An April 2019 report from SWIFT, the global financial messaging service provider, reveals that 83% of investigated fraudulent transactions in the last two years were paid out through banks in South East Asia.
Fraudsters, hackers and other cybercriminals are increasingly using beneficiary accounts (also known as “money mules”) to move the proceeds of crime around and eventually withdraw it from the financial system. Mule accounts can be accounts opened under false or stolen identities, but increasingly, they belong to legitimate customers who give criminals access to their accounts, usually in exchange for money – for example, international students who sell their bank accounts to criminals when they depart a country.
According to the UK’s fraud prevention service, Cifas, the number of under-21s acting as money mules has increased 26% since 2017.
What does this mean for financial institutions?
“KYC” means more than knowing the person who opened the account. It’s crucial that you monitor accounts for suspicious transactions and activity. You also need to ensure you stay up to date with trends in money laundering and cybercrime so that you know what your systems should be looking for.
In February 2016, hackers infamously used fraudulent orders to steal USD $81 million from Bangladesh Bank via the SWIFT payments system. Since then, cybersecurity professionals around the world have been working to close vulnerabilities and standardise data breach response protocols in order to prevent future attacks. But trying to stay ahead of malicious actors is a constant challenge due to their persistence and their willingness to adapt and change tactics.
The SWIFT report noted an increase in the usage of EUR and GBP in fraudulent transactions since the 2016 Bangladesh Bank cyber heist. USD remains the currency most commonly associated with fraudulent transactions (70% of investigated transactions), being the currency used in the majority of all cross-border transactions.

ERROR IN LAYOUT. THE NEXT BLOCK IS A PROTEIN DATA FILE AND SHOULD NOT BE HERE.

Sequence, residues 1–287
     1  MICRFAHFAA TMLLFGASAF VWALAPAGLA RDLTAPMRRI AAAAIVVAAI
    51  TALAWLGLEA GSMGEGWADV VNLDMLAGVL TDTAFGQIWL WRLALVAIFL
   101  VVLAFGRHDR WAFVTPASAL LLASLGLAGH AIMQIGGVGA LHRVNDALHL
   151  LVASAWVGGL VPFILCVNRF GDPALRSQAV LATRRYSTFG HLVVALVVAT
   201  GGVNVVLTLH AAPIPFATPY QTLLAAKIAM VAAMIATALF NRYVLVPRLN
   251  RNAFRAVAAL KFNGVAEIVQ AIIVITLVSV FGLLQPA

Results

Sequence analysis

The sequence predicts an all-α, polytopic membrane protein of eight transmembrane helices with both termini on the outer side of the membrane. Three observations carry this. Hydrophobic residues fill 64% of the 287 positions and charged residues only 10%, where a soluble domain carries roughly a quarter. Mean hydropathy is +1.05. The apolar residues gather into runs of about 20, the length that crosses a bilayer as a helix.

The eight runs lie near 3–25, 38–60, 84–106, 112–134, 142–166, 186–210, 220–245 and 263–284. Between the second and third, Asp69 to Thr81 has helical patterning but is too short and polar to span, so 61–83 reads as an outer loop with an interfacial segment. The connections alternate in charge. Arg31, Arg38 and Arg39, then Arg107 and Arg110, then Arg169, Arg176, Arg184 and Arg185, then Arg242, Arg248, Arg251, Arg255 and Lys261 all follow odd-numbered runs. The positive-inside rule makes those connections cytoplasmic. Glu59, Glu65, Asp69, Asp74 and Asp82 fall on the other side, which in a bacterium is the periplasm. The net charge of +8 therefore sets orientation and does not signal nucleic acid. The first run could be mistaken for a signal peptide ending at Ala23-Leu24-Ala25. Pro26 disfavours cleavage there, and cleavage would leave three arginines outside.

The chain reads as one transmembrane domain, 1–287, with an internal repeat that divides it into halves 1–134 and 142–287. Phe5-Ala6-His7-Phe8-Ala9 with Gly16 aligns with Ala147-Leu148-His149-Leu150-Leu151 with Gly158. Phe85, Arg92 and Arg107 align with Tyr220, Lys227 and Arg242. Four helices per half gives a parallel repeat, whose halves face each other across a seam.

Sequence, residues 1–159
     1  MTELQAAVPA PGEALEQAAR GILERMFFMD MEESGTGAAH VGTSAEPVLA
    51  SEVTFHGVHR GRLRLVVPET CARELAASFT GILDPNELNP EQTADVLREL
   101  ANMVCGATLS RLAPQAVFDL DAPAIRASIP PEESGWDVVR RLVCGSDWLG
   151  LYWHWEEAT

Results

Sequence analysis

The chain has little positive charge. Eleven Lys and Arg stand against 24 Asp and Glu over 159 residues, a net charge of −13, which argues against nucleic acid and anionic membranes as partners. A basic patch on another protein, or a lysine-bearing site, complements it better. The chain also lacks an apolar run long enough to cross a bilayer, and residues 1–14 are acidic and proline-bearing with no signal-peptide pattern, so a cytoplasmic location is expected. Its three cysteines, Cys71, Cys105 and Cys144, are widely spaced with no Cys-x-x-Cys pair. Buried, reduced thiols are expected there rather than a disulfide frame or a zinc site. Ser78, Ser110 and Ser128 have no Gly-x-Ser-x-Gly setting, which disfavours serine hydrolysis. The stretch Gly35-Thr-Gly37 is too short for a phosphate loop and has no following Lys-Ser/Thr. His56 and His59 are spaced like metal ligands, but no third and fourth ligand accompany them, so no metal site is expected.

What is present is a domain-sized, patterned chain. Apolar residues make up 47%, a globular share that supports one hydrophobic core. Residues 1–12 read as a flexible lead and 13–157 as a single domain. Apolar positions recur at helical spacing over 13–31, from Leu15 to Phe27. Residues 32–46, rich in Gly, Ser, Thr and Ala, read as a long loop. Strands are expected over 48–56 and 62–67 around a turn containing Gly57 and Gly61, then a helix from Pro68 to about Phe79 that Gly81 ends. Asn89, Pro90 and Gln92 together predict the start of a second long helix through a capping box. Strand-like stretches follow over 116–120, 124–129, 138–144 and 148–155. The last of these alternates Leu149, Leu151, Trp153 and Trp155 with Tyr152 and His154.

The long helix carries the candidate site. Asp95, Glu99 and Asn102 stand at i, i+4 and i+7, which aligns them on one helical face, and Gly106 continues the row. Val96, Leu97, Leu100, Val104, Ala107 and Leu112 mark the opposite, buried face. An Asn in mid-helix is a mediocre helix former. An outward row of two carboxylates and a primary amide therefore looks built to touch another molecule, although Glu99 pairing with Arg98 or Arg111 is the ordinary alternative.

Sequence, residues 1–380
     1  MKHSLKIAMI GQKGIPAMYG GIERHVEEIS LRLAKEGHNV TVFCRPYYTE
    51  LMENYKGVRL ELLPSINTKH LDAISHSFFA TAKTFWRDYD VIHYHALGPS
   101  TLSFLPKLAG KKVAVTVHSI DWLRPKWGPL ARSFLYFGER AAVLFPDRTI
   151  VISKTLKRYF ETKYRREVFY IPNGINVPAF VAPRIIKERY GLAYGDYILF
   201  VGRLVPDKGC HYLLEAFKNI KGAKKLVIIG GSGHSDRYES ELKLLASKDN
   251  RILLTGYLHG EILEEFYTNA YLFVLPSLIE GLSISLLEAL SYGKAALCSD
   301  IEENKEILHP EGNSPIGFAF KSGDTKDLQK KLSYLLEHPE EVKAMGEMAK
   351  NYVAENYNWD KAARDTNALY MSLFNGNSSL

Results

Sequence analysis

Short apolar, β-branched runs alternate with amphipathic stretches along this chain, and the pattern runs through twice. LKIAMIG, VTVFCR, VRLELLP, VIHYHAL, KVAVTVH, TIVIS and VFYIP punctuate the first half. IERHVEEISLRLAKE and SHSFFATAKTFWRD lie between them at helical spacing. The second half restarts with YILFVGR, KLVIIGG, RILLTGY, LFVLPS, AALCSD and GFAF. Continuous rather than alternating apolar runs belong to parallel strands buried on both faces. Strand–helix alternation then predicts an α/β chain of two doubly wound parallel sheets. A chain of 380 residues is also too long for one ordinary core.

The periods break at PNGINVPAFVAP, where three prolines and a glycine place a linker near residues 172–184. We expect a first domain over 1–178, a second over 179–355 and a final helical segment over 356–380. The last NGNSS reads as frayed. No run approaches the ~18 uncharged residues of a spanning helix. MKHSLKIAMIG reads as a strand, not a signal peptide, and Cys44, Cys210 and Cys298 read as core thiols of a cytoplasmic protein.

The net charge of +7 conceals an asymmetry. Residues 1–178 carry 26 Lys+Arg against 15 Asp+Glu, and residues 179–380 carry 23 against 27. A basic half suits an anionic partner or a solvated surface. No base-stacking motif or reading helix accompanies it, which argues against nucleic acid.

Value of transactions
SWIFT also noted a decrease in the average value of individual fraudulent transactions, from USD$10 million to a range between $2 million and $250,000, because fraudsters are trying to fly under the radar and avoid triggering anomaly detection systems. However, where fraudsters used existing payment corridors, the transaction amounts tended to be much larger than the average amounts sent over them in the 24 prior months.
The attack on Bangladesh Bank occurred in the evening prior to a series of non-working days in the various countries involved in the payment flows, in order to maximise the window before the fraudulent transactions were detected. However, more recently, attackers have started to issue fraudulent payments during working hours on business days. Cashing-out of these payments often occurs within a matter of hours.
The Kaspersky Security Analyst Summit held earlier in April in Singapore featured presentations on new types of payment system scams targeting ATM networks and digital authentication checks. These scams are a step up from “jackpotting”, which is where criminals would install malware on individual ATMs to make them spit out money.
Are you and your staff up-to-date on the latest trends in Fraud, Cybersecurity and Anti-Money Laundering? Contact GRC Solutions today for more information on our online compliance training modules.